Justice 4 Jannies – Getting it Right for Every School

Following up from the Parent Council newsletter of 2-3 weeks ago, I have sent out on behalf of the Parent Council an online petition which we hope you will sign and circulate as widely as possible by email, Facebook, Twitter and other social media sites, to your friends, family, colleagues, etc.

The Change.org petition can be accessed via the following link:


Glasgow schools’ janitors, who are members of the UNISON trade union have been involved in industrial action over unfair pay practices by their employer, Cordia (an arms-length external organisation of Glasgow City Council (GCC)), who is refusing to pay them a marginal weekly supplement of about £10 of ‘dirty money’ for carrying out ‘dirty’ jobs that other GCC staff get paid for over a year. GCC/Cordia have persistently sought to undermine these jannies throughout the process and the jannies have introduced ongoing periods of strike action in order to bring pressure on their employer.

As if the unfair pay practices weren’t enough, GCC/Cordia is intending to change the provision of school janitorial services right across the city, with schools losing their dedicated janny and ‘clusters’ of 4-5 jannies covering 8-9 schools being introduced in their place. This will see jannies having to work across several schools in a single day and them having to be booked to attend our children’s schools to deal with any issues or problems in the building or school grounds. All three trade unions representing the jannies oppose this.

IMPORTANT – school jannies don’t just have the function of working the boilers, gritting and cleaning the school playgrounds etc. They are also an integral part of the health and safety and security and wellbeing of staff and our children at school. Parents develop important, friendly and trusting relationships with the school janny, as do the school staff and, most importantly, the children.

In the letter from GCC/Cordia, they claim that “the availability of hugely sophisticated and innovative technologies” mean that each school does not need a dedicated janny, but what kind of sophisticated and innivative technologies allow 4-5 jannies to cover urgent or emergency (or, indeed, any) work across 8-9 schools before the school gates open after 8am? They also claim that “the janitorial reform will have no effect on school security”, but how will an average of one janny covering two schools with possible multiple entrances to the playgrounds reassure the children and parents (and staff) that their health and safety and security needs are being met? GCC/Cordia state that the head teacher is responsible for health and safety and security, but with cuts in provision to cover teacher sickness absence, head teachers can’t be potentially covering classes, the management of the school, and ensuring this at the same time.

Frankly the letter from GCC/Cordia does not in any way represent any form of proper consultation with Parent Councils and parents more widely. GCC/Cordia will often make rhetorical claims about how we’re supposed to be working in ‘partnership’, but these claims really are mere rhetoric that they reel out when it suits them.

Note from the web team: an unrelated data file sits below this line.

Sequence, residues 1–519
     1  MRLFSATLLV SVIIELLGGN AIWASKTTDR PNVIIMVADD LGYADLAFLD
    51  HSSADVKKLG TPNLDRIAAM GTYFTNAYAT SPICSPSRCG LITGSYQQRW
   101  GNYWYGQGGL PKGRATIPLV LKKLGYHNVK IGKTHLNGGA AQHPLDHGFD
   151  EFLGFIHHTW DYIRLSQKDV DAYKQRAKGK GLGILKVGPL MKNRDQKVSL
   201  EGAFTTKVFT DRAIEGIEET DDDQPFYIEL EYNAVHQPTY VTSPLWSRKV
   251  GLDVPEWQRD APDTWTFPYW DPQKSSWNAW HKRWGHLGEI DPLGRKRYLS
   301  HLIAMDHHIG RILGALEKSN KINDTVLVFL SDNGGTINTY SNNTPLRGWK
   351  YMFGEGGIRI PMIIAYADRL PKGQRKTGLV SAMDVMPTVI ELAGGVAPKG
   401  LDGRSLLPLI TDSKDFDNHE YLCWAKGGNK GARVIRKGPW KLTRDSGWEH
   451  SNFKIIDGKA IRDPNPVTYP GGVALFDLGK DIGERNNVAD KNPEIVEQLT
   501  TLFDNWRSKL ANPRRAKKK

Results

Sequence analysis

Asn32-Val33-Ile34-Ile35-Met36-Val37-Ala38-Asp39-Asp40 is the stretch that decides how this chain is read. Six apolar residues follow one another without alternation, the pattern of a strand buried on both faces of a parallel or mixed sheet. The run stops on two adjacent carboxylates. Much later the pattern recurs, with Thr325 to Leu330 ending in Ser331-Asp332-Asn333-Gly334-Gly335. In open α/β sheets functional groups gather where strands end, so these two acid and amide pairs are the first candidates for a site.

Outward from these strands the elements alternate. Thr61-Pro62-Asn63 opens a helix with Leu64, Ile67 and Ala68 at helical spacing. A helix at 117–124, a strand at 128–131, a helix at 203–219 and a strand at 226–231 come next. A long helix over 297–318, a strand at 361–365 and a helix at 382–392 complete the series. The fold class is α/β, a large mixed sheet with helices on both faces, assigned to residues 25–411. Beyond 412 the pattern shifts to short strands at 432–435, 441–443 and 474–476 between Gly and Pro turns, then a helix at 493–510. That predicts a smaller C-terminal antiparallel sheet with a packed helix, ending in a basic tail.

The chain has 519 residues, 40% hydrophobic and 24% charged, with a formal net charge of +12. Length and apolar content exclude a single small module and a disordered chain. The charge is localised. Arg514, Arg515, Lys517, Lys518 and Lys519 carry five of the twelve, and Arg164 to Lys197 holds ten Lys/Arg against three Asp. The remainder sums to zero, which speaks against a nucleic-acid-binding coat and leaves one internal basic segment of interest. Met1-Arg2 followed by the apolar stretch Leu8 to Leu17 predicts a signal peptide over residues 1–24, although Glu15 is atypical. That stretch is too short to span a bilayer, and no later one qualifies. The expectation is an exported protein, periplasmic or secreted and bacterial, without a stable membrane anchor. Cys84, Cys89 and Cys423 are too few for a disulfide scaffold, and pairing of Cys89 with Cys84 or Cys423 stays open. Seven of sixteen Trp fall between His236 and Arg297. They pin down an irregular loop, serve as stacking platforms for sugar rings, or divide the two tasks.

According to GCC/Cordia, the jannies have been offered a pay increase of approx. £1,185, with a cut in their working week from 44 to 40 hours. While about half of this would account for the ‘dirty money’ the jannies deserve to bring them pay equity with other GCC staff, the jannies rightly view themselves as an important part of the school community. This view is shared by staff, parents and the children. It is also shared by many, many parent councils and parents across the city. GCC/Cordia’s damaging proposals seem intent on completely undermining this sense of community.

Speaking with UNISON officials and reps, jannies, cleaners and other parents from Parent Councils in other schools last week, we heard some pretty disturbing stories of jobs that jannies undertake that weren’t being done because of the strike, such as child vomit being left uncleaned over a weekend, children being ill from vomit not being cleaned up, etc. Additionally, jannies spoke of how even before the school they work in opens, they spend a lot of time cleaning litter, checking the playgrounds for broken glass, alcohol bottles, drugs and drug paraphernalia, dog faeces, used condoms, even weapons. This is something entirely unappreciated by Glasgow City Council/Cordia and, should the janny clusters be implemented, these are also things that could be left lying around playgrounds until such time as a janny is available.

If we all wish for this community relationship, built on familiarity and trust, and vital to the health and safety and security of staff and children, to be continued, we need to make our voices heard very loudly to GCC/Cordia.

YOU can help make GCC/Cordia change their mind. Please sign this petition and tell Glasgow City Council/Cordia to resolve the jannies dispute fairly and to end the damaging janitorial review immediately.


Please also email the following people to make them aware of your concerns (and feel free to adapt the above text). They are either key decision makers at GCC or Cordia, education officials, or are local Councillors representing local constituencies within the school catchment area, or who have constituents whose children are at Hyndland through successful placing requests. All of the Councillors will be up for re-election in May of this year. Some of those below (SNP and Greens) are supportive of the jannies, but writing to them also allows them to see what the strength of feeling is among the school’s parents, carers and the children.


Thank you.